Zangi abandoned football in 1992 and was found dead by the roadside in Kisumu. He was 27. The player had become alcoholic and resorted to roaming the streets of Nairobi and Kisumu. He had no house, no wife or children, no family and no friends. The dazzling midfielder was destined for ruin and death. The gods had decided his fate. People saw many things in his predicament. Some saw the long arm of government, others saw witchcraft. Some thought juju was at work. Others accused Gor Mahia fans who they claimed had bewitched Zangi after he showed them the middle finger.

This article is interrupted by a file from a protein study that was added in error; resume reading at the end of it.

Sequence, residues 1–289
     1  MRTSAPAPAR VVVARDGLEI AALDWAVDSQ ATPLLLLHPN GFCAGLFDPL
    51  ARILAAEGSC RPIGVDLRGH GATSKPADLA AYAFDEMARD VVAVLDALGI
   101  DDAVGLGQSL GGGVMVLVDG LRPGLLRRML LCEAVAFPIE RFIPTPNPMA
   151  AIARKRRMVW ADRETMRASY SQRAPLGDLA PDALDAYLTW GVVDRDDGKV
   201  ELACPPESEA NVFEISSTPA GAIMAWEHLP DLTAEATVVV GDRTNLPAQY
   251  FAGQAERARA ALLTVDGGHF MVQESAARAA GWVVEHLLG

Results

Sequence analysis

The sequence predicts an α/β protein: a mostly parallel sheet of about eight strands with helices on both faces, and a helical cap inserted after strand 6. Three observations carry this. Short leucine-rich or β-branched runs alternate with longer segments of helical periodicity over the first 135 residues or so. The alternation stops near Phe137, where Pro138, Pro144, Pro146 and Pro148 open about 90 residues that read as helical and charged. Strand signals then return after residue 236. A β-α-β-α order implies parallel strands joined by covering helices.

Like Rashidi Yekini of the famous Super Eagles of Nigeria, who suffered mentally before his death, Zangi’s legacy disappeared into oblivion. As Hezekiah Ochuka’s remains lie somewhere in Kamiti Prison, Zangi’s remains were laid to rest on top of the Nyabondo Plateau overlooking Kisumu, the city that once made him famous.